The economic implications of the prospective Free Trade Agreement between the United States and Egypt

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Abstract Egypt is a fairly large country with a struggling economy, like many others in the region. An improved economic performance in both Egypt and other countries in North Africa and the Middle East has the potential to raise the living standards of millions of people; this in turn could improve the region's political climate. Understanding how factors such as trade policy can affect Egypt is important for policy decisions in the US and Egypt. This issue is thus investigated in three essays that quantify the impact of a prospective bilateral Free Trade Agreement (FTA) between Egypt and the United States (US). In the first essay, I provide an econometric estimate of the effects of accessing the US market as well as the effects of Egyptian institutional quality on trade. I apply the gravity model to Egypt's trade flows for 2004 and find that the FTA could increase aggregate exports to the US between 140 and 157%. In the second essay, I examine the effects of participation in the FTA on the inward Foreign Direct Investment (FDI) to Egypt from the US and the rest of the world. I estimate gravity models of bilateral investment for 2005 and find evidence that this prospective FTA would be associated with a reduction of inward FDI to Egypt between 28% and 34% of the 2005 level. In the third essay, I investigate the current debate over US aid to Egypt, to identify whether participation in an FTA would be a complement or a substitute to US foreign aid. The analysis is based on a country-pair foreign aid difference regression model for 1980 and the years 2004 and 2007. The empirical evidence supports the complementary relationship between US foreign aid and this prospective FTA: The FTA would lead to increased foreign aid from the US to Egypt.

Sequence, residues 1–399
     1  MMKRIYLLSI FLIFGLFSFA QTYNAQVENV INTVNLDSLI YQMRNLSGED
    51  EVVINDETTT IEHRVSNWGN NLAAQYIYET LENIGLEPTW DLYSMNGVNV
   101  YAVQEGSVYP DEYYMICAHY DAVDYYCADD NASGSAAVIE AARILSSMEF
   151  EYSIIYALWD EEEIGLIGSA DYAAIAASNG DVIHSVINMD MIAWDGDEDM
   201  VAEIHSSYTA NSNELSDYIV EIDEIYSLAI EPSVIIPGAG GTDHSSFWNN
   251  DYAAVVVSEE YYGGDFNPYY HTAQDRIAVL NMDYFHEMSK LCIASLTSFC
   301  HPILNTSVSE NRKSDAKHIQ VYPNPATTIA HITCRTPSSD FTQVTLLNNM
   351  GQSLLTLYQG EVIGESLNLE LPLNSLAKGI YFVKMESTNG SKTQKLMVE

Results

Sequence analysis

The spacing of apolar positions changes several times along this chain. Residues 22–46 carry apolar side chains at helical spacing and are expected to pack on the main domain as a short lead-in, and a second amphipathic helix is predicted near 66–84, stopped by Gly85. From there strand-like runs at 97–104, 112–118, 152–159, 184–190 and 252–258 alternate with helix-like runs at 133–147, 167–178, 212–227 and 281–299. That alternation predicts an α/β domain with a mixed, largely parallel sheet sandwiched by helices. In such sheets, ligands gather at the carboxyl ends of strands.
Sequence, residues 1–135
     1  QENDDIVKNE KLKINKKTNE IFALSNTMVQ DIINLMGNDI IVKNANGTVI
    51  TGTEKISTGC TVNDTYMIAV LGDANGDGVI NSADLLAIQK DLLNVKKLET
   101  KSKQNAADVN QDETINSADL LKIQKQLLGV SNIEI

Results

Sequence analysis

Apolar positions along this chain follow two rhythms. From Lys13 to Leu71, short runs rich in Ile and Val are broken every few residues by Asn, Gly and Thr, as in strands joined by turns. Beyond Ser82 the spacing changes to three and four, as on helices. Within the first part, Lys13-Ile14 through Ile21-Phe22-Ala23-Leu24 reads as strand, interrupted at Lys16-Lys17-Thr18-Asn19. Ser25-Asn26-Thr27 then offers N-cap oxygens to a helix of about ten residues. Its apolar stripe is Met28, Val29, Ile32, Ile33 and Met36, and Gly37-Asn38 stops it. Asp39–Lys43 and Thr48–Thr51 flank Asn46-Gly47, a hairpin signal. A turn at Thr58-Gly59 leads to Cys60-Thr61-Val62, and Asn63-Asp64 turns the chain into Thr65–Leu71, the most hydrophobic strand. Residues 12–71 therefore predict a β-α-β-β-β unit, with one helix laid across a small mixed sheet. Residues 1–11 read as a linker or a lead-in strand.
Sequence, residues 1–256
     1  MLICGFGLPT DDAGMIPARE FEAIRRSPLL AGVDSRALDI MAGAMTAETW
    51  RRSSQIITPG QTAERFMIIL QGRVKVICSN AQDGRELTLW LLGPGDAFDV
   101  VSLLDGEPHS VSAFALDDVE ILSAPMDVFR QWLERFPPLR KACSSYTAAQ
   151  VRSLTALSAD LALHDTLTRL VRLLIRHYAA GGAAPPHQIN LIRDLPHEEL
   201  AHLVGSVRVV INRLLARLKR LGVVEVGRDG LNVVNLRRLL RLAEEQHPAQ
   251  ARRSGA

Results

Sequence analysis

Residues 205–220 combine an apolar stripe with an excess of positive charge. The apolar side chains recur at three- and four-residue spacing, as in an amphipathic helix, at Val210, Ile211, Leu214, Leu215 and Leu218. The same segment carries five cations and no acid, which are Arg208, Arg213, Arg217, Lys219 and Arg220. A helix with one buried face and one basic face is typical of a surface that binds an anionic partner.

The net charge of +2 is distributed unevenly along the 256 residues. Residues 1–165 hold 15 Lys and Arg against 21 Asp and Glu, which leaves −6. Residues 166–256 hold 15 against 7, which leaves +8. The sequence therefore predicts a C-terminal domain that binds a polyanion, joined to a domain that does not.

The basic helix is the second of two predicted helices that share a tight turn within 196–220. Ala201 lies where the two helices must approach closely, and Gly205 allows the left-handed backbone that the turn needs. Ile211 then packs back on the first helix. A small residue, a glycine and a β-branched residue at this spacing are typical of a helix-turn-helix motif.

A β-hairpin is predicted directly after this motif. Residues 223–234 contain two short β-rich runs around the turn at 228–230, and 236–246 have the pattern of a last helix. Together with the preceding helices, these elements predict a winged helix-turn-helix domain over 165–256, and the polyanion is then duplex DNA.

Electronic Thesis or Dissertation
Economics, General, Middle Eastern studies, Regional studies